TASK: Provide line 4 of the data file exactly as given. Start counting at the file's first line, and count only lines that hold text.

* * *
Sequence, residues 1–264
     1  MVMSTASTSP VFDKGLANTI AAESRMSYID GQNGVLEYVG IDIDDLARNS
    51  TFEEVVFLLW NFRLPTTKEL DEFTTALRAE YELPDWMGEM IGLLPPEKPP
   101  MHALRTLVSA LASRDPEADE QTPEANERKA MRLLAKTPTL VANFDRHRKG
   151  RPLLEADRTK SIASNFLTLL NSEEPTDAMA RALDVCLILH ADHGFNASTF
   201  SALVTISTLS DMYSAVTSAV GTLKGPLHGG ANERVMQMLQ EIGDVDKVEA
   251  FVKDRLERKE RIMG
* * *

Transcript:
   101  MHALRTLVSA LASRDPEADE QTPEANERKA MRLLAKTPTL VANFDRHRKG